This Blind Cricketer Who Won The World Cup For India Cannot Find A Job

06/06/2015 10:15 AM IST | Updated 15/07/2016 8:25 AM IST
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Visually impaired Indian cricketer Ketan Patel (R) bowls during the first one-day international cricket match between Pakistan and India blind cricket teams in Islamabad on November 22, 2011. India and Pakistan resumed cricketing ties November 22 after three years -- albeit at a low level -- by fielding their blind teams for an international series. Pakistan has hosted no major international matches over security fears posed by Al-Qaeda and the Taliban since 2009, and India stalled direct cricketing ties after Islamist gunmen killed 166 people in Mumbai in late 2008. AFP PHOTO / AAMIR QURESHI (Photo credit should read AAMIR QURESHI/AFP/Getty Images)

It's hard to imagine a successful sportsman facing obstacles when it comes to employment: And yet, Ketan Patel, who was awarded Man-Of-The-Series in the ODI and T20 cricket series in England (held recently) has returned to his home town flushed with success, but without any job prospects in sight.

Visually-challenged Patel, who returned to Mumbai yesterday, revealed that his team's success did not alleviate his worries about finding a job in his home country in an interview with Mid-day. "“I was part of the World Cup team and now these two memorable series, but will these performances count for something? Despite several pleas to the Gujarat government, I have not been able to get a much-needed job,” he said.

Falling into the fully blind B-1 category, the 29-year-old all-rounder scored 64 runs in the first ODI against England, and went on to score 42 runs off 32 balls in the next fixture that won the three-match series for India. Patel who took two wickets in the India vs Pakistan World Cup final last year at Cape Town, rendered his best performance on 31 May, when he ran up a score of 102 runs off 46 balls in the Twenty-20 battle in London. This won him the Man Of The Series Award in the ODI and T20 series.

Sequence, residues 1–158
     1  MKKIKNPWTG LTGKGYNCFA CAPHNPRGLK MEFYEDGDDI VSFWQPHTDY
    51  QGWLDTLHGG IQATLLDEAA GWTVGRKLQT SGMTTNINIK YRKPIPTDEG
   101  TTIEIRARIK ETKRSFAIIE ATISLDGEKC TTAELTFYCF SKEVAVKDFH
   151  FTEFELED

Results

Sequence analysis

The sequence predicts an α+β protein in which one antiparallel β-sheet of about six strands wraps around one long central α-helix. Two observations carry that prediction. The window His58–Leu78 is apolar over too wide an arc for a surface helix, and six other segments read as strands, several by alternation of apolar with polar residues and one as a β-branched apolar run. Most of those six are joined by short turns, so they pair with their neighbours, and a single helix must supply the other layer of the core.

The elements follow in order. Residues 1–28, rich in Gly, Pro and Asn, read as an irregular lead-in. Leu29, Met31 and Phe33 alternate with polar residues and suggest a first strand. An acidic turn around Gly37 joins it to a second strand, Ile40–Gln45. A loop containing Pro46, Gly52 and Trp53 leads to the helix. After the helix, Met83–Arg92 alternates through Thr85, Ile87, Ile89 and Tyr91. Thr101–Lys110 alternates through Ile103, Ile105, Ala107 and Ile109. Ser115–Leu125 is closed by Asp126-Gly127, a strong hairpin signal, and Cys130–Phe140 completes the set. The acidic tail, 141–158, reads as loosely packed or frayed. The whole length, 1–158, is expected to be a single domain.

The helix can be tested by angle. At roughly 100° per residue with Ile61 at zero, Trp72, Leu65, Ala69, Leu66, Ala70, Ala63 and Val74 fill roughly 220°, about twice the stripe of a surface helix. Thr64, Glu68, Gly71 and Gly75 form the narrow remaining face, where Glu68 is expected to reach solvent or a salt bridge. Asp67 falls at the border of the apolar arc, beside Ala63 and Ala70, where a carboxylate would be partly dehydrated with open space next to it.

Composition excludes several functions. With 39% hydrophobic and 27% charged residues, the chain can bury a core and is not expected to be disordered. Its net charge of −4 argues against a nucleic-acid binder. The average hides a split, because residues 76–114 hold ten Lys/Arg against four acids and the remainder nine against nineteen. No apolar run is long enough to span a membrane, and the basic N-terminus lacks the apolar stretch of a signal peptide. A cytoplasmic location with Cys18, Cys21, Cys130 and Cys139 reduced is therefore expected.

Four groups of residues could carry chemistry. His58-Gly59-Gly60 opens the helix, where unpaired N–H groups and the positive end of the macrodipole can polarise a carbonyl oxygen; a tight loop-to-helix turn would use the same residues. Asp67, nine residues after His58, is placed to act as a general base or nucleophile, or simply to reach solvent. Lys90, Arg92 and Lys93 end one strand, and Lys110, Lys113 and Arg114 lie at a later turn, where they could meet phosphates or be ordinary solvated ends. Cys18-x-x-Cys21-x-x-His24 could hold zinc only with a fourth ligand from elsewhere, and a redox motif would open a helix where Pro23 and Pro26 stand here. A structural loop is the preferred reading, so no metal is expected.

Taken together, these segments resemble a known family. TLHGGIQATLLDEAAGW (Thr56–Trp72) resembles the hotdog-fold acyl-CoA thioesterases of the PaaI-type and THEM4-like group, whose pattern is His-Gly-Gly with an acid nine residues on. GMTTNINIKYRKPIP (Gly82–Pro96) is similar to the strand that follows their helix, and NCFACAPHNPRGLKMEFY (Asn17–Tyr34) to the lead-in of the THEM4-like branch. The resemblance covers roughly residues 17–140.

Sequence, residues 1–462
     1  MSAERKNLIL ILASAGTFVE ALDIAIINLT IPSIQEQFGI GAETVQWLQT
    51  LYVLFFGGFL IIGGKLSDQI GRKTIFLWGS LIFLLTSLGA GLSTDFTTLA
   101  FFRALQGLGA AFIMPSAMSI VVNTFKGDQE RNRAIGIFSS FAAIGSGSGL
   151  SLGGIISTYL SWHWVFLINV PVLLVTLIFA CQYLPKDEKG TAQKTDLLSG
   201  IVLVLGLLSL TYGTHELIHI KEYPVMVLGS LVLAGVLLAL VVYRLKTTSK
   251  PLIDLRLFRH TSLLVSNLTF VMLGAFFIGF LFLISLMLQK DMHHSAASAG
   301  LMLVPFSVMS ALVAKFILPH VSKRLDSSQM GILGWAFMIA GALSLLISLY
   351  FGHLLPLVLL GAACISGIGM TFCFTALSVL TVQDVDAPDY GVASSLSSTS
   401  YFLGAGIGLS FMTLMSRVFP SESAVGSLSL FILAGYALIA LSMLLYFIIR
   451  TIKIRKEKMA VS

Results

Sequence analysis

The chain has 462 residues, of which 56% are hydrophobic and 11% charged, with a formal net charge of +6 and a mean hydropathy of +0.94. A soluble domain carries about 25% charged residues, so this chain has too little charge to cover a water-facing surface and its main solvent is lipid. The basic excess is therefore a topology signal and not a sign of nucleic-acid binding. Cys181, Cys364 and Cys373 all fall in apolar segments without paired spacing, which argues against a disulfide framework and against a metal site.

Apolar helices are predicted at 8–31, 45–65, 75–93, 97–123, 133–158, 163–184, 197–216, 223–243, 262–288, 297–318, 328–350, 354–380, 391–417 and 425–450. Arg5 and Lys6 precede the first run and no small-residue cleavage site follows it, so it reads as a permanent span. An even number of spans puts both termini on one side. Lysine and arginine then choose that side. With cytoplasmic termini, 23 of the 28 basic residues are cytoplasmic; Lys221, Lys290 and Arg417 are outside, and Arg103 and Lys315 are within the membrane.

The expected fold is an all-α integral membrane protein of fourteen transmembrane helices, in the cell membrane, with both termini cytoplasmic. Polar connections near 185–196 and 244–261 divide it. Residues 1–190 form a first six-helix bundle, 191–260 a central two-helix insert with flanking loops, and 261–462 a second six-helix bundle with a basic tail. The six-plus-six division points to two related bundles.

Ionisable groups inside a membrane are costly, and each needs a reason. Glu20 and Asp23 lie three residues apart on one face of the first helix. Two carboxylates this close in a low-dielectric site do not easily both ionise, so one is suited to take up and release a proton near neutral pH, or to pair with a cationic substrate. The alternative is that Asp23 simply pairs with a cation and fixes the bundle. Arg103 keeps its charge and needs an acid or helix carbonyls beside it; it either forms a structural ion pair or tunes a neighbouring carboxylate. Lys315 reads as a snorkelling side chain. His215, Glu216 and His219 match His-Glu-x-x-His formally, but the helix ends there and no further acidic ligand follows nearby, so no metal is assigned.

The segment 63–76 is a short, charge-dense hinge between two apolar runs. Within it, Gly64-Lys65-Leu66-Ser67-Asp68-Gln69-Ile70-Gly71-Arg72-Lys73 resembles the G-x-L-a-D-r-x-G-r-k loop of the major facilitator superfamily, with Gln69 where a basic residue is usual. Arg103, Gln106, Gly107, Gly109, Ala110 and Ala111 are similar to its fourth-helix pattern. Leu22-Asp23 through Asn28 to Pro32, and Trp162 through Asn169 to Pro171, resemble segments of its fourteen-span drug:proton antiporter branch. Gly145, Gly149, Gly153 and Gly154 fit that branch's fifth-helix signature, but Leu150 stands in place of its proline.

Patel travels twice a week to Valsad - 25 kilometres away from his village Phaladra - to undergo training with his blind colleagues, and practices alone on most days in his village, according to the report. In desperation to feed his family (he has a wife and two daughters as well as a blind father) Patel has started rice farming on three acres of land that earns him Rs 25,000 in the four months of monsoon (from June to September). He also earns Rs 6,000 per month by selling milk, however has to pay Rs 12,000 for investment.

"I don’t have any hopes for a job now, simply because I have been trying for so many years. I was hopeful of one after our World Cup triumph five months ago, but no one helped me,” says Patel, who debuted in the sport in 2004 at the National Blind Championship in Chennai.

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